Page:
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Wednesday, December 29, 2010


Screw tops are becoming increasingly popular among South African winemakers, and the day is long past when a screw top was regarded as the mark of an inexpensive plonk.

Many high quality South African white wines now come in screw top bottles, and a recent addition to this trend is Plaisir de Merle Sauvignon Blanc 2010, from the Franschhoek farm that is one of the most beautiful properties in the Western Cape. This wine retails at about R77 a bottle. For that you get a sauvignon with aromas and tastes of green figs, peas, green peppers and ripe tropical flavours, with a lingering aftertaste. It is excellent now but, interestingly enough (considering that it is a screw top), it should develop in the bottle for one to two years, according to the Plaisir de Merle cellarmaster, Niel Bester.

Cork from the bark of trees grown mainly in Portugal has been used for centuries for wine bottles but in recent years the screw top has gained rapidly in popularity. A good screw top has a lining which expands and provides a tight seal for the wine in the bottle. And of course it is easier to open a bottle and to keep the wine in a refrigerator for a day or two once it has been opened. The advantage of cork is that it allows small amounts of air to penetrate and assist the natural ageing of the wine. Cork is still the closure of choice for a good red wine that can be laid down to mature for several years.

The solemn truth, however, is that these days very few wines, red or white, are kept for a significant period. In South Africa a very high percentage of all wines is consumed within 24 hours of purchase, and it is unusual indeed to find people keeping red wines for up to ten years, as they did two or three decades ago. The winemakers are well aware of this trend, and most South African reds are now made for early consumption, ready to drink on the day they are bought.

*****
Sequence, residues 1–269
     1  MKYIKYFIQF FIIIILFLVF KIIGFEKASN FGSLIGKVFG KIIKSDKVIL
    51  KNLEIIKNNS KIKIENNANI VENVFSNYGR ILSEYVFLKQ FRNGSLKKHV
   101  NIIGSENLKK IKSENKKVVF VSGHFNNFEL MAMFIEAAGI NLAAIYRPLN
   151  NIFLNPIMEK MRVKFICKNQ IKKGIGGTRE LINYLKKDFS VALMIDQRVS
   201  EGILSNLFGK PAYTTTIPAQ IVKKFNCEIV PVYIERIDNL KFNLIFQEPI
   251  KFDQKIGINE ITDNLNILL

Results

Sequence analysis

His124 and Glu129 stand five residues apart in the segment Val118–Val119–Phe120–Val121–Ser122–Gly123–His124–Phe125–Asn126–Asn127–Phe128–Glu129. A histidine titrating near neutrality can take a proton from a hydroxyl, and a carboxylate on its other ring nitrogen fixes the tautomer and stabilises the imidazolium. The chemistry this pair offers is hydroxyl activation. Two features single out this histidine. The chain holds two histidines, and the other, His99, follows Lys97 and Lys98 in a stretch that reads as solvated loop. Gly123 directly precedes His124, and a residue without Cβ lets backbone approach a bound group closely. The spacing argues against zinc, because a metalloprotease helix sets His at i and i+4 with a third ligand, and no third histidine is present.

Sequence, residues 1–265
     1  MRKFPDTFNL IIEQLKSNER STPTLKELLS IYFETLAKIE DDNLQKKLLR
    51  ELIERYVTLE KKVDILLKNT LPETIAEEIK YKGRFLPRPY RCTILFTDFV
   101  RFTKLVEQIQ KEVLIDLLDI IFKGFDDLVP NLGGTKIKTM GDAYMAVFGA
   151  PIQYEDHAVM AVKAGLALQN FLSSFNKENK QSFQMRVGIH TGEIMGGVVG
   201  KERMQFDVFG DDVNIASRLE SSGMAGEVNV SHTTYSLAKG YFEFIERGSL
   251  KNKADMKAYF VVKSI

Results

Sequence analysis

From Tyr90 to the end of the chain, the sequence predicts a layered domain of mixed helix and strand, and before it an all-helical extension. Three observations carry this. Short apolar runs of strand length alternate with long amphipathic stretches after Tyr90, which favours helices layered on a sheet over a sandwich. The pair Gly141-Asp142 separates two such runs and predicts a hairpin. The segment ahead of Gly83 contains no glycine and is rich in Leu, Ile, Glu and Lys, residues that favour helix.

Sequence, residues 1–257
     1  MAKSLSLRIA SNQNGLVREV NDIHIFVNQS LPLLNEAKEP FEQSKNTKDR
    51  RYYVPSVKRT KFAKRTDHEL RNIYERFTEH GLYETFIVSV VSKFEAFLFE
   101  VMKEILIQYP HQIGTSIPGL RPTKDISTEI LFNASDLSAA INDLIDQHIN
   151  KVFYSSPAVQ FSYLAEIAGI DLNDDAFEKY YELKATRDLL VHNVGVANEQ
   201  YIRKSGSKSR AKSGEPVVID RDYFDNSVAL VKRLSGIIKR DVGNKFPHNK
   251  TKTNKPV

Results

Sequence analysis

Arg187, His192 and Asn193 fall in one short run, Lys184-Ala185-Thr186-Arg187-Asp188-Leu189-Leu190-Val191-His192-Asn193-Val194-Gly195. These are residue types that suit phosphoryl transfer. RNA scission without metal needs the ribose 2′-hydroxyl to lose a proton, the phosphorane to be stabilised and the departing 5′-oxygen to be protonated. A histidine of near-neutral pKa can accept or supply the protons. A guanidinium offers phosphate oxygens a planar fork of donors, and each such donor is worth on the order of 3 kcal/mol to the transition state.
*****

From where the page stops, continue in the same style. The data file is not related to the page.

With white wines maturation is hardly an issue, and this is why dozens of expensive whites now have screw tops.

For everyday wines I prefer screw tops. The old ritual of drawing a cork slowly, examining it, sniffing it, is fun (provided the cork doesn’t crumble or break) but the screw top is really much easier.

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Wine tastings are available these days at a great many Cape estates, but Plaisir de Merle has taken this pleasant entertainment a step further with a choice of five different tastings. It offers a standard tasting for R20; a flavour tasting for R50, in which bite-sized items of food are matched with wine; a wine and chocolate tasting for R50, in which wines such as merlot, cabernet sauvignon and shiraz are paired with chocolates; an exclusive tasting for R100, where limited releases of red wines from Plaisir de Merle are tasted; and a blind tasting at R100, in which the winner takes home a bottle of merlot as a prize.

Plaisir de Merle is open most days for tastings and wine sales. It is about 40 minutes’ drive from Cape Town. Phone 021 874 1071.- Michael Green